Forensic pathologists are ordered by coroners to investigate the cause
of sudden and unexpected deaths. A sudden and unexpected death may occur in
a hospital, at home, in police custody or in a prison. The death may be a
murder, suicide or accident, or it may be due to natural causes.
Forensic pathologists perform post-mortems (autopsies) to determine the
cause of death. By studying tissue and laboratory results, they're usually
able to determine how a person died and give evidence in court about the cause
and time of death.
The forensic pathologist's investigation includes visiting the scene of
the death, gathering information about what happened at the time and place
of the subject's death, what they were doing and what their health was like.
The forensic examination of a body includes examining clothing, the body
itself and the internal organs during an autopsy. The autopsy may include
microscopic and X-ray examinations of the tissues of the body.
Forensic pathologists work with assistants, police photographers, toxicologists
and forensic dentists. Together with other experts, pathologists collect evidence
from the body, such as blood, stomach contents, bile, organs, brains, nail
clippings, hair and urine, to help in their investigation.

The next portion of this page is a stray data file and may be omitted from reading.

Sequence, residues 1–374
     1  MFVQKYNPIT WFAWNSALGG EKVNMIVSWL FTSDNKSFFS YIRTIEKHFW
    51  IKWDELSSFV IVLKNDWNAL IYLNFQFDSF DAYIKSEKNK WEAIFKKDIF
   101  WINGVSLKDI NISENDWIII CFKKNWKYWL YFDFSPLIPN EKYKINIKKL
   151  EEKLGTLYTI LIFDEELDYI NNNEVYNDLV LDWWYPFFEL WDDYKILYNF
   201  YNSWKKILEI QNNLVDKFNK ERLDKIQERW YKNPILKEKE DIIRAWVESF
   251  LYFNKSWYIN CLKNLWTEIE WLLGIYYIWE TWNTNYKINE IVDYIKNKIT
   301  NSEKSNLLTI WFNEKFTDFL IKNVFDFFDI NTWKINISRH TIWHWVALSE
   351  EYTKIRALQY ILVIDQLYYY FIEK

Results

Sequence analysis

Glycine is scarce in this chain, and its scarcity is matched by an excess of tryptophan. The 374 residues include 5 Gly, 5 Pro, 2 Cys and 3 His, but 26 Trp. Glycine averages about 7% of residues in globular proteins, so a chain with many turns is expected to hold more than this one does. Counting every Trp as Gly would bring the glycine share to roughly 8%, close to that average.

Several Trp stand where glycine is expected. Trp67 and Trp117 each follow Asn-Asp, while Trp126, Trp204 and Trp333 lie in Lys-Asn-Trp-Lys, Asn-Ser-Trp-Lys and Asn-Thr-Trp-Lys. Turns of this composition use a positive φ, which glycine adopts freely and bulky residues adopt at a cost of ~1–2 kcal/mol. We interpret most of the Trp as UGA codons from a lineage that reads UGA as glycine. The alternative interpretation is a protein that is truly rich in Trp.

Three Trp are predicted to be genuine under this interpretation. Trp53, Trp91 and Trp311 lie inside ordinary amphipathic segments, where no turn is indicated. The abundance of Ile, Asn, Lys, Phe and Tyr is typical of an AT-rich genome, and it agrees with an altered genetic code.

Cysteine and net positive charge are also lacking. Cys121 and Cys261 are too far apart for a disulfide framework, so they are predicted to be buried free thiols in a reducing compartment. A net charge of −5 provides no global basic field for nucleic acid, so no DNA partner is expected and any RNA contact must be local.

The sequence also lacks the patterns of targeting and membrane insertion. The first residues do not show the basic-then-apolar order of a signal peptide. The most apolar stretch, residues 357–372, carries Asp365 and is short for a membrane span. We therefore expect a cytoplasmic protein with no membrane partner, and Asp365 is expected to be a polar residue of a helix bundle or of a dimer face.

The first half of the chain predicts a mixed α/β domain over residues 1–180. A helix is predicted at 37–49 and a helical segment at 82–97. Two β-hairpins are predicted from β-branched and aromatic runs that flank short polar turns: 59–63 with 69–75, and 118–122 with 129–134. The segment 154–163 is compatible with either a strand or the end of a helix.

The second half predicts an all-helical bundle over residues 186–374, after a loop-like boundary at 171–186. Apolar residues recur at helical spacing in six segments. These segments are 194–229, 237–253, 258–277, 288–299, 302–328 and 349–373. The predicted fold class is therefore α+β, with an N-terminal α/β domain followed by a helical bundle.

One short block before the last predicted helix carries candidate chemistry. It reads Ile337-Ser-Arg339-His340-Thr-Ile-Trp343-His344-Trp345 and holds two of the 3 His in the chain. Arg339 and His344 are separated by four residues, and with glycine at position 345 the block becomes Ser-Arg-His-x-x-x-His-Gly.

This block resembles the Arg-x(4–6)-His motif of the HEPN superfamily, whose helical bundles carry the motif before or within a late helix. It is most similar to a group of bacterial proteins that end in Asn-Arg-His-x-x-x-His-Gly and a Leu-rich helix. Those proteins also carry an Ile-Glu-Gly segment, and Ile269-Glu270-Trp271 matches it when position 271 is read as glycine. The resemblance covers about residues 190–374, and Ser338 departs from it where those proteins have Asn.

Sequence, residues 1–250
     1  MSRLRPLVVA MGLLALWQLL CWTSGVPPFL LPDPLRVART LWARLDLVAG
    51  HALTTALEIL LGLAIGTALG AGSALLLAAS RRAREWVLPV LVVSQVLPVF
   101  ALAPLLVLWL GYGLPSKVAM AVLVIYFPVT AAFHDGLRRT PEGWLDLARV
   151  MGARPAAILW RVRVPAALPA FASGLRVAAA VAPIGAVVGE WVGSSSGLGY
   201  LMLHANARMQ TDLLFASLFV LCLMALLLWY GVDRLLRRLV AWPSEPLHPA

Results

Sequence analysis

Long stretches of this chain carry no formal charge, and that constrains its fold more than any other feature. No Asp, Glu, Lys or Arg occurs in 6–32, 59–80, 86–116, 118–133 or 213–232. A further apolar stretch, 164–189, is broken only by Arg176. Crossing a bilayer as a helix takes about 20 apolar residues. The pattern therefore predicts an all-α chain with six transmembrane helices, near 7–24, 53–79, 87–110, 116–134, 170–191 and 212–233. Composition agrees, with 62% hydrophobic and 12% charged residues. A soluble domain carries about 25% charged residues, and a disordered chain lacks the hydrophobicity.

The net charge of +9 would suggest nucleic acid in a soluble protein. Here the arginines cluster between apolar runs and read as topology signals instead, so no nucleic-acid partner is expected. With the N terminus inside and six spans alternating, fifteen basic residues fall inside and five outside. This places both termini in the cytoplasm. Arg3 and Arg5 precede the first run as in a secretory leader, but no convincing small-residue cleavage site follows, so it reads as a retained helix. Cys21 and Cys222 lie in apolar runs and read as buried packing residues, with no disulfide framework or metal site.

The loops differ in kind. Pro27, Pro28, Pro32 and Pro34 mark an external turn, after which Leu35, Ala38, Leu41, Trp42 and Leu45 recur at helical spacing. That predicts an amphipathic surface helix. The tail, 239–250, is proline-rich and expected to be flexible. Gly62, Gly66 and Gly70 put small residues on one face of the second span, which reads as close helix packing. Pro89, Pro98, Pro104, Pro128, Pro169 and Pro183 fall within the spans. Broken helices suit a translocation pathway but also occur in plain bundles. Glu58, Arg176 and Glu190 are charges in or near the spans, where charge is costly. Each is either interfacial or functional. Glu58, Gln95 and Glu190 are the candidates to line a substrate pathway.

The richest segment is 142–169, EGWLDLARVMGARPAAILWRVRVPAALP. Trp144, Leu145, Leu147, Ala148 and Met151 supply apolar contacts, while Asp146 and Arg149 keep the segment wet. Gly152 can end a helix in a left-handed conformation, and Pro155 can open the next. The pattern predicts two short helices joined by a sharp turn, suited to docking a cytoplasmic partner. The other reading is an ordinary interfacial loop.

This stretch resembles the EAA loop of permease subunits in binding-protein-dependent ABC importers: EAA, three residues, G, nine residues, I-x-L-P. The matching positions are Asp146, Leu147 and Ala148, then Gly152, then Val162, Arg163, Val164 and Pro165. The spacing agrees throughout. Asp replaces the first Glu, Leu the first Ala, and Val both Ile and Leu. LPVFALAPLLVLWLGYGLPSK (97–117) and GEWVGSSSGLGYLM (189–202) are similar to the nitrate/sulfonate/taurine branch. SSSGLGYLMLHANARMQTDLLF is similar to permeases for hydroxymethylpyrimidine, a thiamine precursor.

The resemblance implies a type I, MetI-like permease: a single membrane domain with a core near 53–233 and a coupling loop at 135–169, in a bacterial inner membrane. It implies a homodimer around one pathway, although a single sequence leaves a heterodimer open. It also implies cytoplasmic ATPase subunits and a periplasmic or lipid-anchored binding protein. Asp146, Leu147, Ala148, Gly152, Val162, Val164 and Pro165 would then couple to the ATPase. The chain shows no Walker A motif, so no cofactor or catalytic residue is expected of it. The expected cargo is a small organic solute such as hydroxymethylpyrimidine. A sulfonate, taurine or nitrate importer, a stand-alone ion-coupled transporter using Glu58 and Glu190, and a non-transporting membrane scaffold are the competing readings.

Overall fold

In some states, coroners are required to be forensic pathologists. In other
areas, this isn't the case.
Some forensic pathologists only work on a part-time basis, so they may
work as general pathologists the rest of the time.
Dr. David King, a forensic pathologist, works irregular hours. He is on
call -- meaning he can be called in to the hospital at any time -- for part
of each week and on weekends. His schedule reflects the fact that sometimes
police are anxious to have an autopsy done, especially if they have no leads
in the case and an autopsy could help to move the case along.
Most of the work a forensic pathologist does takes place in a clean, well-lit
laboratory, although they visit various places to examine the scene of the
death. These professionals can also expect to spend time testifying in court
and doing routine paperwork.
Depending on where they live, forensic pathologists may work for the government,
or for hospitals or other health-care units.
Some of the work can involve decomposing or mutilated bodies, so forensic
pathologists need to have strong stomachs. Much of their work can be unpleasant
and even disturbing, so it's not a job for the squeamish.